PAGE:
When I was a kid, I hated my name. I thought it was ridiculous. It seemed like an ok name for a child, but I could not imagine an old person with it. The name was absurd. Plus, it wasn’t unique – there were five Heathers in my grade alone. We all knew each other. I’m not sure if any of them disliked their name, but it was just foolishness to me.
It took years to come to terms with the tragedy of my naming. In fact, I was in my teen years when my mother told me about it. It wasn’t some deep secret or anything. Still, up until this particular conversation, I knew only that I was named for a flower that grew wild on Irish mountainsides. There was a song with my name in it, and I loved hearing her sing it to me.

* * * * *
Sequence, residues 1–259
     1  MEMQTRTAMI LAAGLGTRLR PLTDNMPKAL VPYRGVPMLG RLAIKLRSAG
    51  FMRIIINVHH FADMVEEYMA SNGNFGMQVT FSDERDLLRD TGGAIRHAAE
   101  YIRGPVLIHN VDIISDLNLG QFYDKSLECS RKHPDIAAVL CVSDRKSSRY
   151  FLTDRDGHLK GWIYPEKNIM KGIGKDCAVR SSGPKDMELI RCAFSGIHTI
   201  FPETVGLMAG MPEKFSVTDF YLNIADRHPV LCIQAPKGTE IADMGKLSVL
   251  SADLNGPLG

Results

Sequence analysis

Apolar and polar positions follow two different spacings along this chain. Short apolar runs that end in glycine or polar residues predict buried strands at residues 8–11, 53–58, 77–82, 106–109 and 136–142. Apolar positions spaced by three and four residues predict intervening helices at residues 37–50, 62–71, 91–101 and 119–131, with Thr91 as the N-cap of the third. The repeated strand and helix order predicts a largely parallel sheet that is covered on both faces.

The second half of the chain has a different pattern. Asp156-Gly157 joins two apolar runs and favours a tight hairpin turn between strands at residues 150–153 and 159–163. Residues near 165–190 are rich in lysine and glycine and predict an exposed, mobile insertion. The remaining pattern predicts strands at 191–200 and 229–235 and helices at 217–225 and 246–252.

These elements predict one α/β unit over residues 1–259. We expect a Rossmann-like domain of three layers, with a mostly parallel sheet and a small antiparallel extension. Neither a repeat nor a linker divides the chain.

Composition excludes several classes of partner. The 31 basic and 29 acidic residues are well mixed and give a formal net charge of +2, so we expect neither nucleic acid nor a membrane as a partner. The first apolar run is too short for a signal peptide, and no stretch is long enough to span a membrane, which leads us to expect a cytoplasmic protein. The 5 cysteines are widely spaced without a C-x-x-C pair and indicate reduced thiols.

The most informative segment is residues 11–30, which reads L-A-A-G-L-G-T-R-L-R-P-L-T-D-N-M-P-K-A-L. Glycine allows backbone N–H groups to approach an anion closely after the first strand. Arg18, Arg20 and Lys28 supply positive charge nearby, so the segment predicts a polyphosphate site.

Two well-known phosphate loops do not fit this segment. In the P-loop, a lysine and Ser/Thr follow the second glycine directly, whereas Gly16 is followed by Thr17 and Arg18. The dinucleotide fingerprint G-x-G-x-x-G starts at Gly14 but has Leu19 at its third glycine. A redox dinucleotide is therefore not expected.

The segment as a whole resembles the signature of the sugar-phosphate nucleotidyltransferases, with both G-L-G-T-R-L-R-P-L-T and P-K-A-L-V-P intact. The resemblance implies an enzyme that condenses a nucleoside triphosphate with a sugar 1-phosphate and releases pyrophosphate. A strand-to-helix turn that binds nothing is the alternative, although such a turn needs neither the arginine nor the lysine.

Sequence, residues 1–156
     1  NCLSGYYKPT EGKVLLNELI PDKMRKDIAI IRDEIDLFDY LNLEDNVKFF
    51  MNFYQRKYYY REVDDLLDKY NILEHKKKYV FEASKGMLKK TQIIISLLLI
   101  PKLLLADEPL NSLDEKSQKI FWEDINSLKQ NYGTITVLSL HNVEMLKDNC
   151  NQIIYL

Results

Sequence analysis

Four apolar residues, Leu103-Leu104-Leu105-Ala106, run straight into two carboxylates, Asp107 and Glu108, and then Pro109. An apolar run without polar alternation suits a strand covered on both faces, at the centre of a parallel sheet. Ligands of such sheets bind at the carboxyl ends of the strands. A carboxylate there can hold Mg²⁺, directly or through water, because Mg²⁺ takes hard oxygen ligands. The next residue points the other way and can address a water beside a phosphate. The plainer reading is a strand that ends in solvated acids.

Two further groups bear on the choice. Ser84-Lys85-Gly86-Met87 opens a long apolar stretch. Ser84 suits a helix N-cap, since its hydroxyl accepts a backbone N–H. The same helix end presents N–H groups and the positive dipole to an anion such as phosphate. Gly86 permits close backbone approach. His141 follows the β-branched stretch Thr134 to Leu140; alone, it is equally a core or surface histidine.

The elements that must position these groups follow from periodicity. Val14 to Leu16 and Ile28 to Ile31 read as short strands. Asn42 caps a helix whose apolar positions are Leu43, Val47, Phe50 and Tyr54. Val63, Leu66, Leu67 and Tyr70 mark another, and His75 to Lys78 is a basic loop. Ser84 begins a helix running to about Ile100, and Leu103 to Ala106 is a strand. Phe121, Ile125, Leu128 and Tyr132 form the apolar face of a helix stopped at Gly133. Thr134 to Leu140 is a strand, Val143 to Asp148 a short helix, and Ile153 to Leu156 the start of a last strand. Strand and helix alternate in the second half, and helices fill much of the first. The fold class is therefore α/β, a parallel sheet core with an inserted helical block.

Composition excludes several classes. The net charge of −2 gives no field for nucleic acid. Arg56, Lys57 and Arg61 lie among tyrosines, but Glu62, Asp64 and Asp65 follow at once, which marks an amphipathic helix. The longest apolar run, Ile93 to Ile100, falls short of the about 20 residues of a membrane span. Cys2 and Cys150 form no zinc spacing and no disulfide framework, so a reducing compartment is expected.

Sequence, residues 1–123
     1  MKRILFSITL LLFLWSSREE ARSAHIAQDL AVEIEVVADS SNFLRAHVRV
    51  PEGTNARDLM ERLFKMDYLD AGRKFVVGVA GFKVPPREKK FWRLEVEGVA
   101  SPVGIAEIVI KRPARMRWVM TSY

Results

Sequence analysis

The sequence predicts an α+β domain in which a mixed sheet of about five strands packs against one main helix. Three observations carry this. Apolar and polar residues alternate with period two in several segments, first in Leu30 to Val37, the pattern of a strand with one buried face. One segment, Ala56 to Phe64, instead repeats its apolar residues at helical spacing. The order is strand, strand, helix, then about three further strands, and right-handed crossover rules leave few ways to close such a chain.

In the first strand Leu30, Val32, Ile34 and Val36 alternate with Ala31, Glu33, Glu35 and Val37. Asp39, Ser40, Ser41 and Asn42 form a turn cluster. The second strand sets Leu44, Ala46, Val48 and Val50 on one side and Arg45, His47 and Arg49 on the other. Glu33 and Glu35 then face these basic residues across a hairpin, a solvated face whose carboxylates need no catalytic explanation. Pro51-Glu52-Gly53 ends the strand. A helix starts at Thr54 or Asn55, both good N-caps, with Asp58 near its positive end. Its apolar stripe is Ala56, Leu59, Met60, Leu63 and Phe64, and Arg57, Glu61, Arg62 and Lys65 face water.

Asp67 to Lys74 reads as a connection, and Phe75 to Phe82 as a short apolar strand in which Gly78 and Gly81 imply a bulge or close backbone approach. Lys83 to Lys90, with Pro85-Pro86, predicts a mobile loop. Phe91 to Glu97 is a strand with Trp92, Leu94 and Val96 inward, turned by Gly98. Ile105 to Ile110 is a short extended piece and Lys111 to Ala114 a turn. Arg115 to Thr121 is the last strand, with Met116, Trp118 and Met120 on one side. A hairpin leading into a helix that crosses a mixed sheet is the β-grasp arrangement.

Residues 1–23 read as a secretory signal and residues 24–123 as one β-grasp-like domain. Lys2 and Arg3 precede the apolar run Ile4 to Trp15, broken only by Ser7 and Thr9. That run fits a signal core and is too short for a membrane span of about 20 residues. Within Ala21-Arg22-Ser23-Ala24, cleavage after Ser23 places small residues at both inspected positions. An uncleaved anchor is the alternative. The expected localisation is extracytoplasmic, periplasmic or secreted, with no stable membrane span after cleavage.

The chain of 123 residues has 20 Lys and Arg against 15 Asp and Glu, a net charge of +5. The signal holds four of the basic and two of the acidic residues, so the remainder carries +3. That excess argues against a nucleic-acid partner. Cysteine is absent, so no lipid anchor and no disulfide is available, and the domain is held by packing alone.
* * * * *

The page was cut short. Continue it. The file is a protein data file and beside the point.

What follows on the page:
On this day she told me that heather wasn’t just any old flower. What made it special was that it was a flower that thrived in hostile terrain. From that moment on, I loved my name. For the first time in my life, I felt it fit me. I wasn’t delicate, flowery, or a vase-worthy trophy. I was rough, rugged, tender, beautiful in my own quiet, unassuming way, and very easy to overlook or take for granted. I had also lived in hostile terrain most of my life but never let those struggles prevent me from blooming.
For the first time, I felt my name was a gift. I felt like The Rose That Grew From Concrete.
This blog is a reflection of the meaning behind my name. I do not profess to be an expert on anything, a theologian, a psychiatrist, or anything. It is simply the blossoms that grow from the struggles I’ve faced in life’s hostile terrain.
I hope they are inspiring, I hope they are heart-warming, I hope they make you feel. I hope they make you hope.
[…] in the process of writing a book about Thriving in Hostile Terrain, and someone asked me about it today: “Not to put you on the spot, but there’s exactly […]
God bless you, Heather, for your efforts! —Jonathan
Thank you, Jonathan!